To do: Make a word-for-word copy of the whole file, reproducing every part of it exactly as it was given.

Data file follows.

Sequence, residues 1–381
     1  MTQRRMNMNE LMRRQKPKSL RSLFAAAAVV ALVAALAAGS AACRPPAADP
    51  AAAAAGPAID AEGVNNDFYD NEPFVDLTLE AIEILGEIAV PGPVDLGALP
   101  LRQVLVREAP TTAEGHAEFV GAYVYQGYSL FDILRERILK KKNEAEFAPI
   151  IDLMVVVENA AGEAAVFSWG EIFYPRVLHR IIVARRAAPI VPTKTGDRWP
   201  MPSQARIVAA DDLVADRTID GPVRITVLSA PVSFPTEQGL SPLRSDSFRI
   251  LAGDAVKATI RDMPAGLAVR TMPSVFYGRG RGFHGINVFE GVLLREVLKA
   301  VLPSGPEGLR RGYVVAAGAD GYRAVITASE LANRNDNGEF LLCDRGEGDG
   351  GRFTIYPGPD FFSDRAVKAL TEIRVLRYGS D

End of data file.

Sequence, residues 1–381
     1  MTQRRMNMNE LMRRQKPKSL RSLFAAAAVV ALVAALAAGS AACRPPAADP
    51  AAAAAGPAID AEGVNNDFYD NEPFVDLTLE AIEILGEIAV PGPVDLGALP
   101  LRQVLVREAP TTAEGHAEFV GAYVYQGYSL FDILRERILK KKNEAEFAPI
   151  IDLMVVVENA AGEAAVFSWG EIFYPRVLHR IIVARRAAPI VPTKTGDRWP
   201  MPSQARIVAA DDLVADRTID GPVRITVLSA PVSFPTEQGL SPLRSDSFRI
   251  LAGDAVKATI RDMPAGLAVR TMPSVFYGRG RGFHGINVFE GVLLREVLKA
   301  VLPSGPEGLR RGYVVAAGAD GYRAVITASE LANRNDNGEF LLCDRGEGDG
   351  GRFTIYPGPD FFSDRAVKAL TEIRVLRYGS D